Safety scissors are any scissors which have their design features altered to make them less potentially dangerous in the hands of a first-time user of scissors, such as a small child, or when handled by a person with a tremor or otherwise impaired manual dexterity.

The most common feature of safety scissors, across brands, is blunted or rounded tips, rather than sharply pointed tips which can pierce skin if grabbed roughly or dropped.

Some safety scissors are made of rigid plastic instead of steel, relying on lower hardness to limit their cutting power for anything other than paper and thread. Some safety scissors have only one of the blades sharpened, while the other is an unsharpened straight edge. These are sufficiently blunt that they can only efficiently cut more tearable materials, such as construction paper and thick yarn.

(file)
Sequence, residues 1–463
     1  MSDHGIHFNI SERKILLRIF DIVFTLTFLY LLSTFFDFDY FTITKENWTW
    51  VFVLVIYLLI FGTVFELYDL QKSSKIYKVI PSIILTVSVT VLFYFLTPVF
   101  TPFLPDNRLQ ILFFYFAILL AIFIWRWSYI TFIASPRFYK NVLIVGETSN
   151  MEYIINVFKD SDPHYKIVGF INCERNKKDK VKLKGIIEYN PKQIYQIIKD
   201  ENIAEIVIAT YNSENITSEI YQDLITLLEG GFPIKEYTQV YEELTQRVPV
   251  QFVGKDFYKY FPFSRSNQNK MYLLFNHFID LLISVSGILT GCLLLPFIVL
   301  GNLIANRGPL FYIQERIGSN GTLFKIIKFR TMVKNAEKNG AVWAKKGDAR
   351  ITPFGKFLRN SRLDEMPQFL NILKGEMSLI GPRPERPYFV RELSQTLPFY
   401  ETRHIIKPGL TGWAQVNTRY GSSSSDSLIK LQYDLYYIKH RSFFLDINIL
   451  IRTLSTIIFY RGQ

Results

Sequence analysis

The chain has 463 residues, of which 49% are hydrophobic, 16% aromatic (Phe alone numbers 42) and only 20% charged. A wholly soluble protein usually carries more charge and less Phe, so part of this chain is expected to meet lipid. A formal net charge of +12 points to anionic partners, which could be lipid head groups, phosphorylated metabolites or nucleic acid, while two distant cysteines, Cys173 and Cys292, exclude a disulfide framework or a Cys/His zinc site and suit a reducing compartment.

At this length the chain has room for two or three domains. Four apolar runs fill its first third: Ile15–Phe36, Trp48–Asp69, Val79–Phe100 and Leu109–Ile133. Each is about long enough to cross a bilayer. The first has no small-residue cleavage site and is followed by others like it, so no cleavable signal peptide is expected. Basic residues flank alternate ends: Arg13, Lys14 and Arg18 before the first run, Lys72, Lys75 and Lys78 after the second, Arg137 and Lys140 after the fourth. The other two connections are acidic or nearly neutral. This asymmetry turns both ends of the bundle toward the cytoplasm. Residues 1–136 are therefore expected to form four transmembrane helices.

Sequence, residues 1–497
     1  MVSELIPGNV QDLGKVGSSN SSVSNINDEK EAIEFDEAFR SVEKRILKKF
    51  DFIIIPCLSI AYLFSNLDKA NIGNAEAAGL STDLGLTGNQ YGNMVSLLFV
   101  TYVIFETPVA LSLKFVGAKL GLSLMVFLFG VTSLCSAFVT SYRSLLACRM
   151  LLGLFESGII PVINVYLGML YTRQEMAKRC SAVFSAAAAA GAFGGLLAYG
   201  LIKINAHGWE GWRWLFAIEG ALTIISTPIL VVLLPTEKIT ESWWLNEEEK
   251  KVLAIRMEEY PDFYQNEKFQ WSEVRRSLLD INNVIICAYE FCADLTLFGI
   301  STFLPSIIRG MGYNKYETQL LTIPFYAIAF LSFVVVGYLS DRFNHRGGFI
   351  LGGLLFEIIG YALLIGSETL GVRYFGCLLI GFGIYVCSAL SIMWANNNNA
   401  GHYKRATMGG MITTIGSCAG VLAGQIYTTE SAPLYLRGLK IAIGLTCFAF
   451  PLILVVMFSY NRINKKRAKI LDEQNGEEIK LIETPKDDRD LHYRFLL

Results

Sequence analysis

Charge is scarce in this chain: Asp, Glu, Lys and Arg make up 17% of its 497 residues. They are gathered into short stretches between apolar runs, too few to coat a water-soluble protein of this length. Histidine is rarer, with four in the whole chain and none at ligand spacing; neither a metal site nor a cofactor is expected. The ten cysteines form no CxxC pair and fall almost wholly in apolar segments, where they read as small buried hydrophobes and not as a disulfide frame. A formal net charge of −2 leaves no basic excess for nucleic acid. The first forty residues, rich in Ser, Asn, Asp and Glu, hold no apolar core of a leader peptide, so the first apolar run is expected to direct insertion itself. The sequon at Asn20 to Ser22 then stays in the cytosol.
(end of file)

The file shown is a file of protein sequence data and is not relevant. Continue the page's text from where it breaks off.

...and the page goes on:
When I was a toddler, I got myself and my maternal grandmother in a great heap of trouble with my mother: Granny stepped out of the kitchen for a moment, leaving me with all-plastic, single-bladed safety scissors and some construction paper, and she came back to find I'd given myself a crooked haircut, right across my bangs at jagged angles.

Iron Noder 2018, 16/30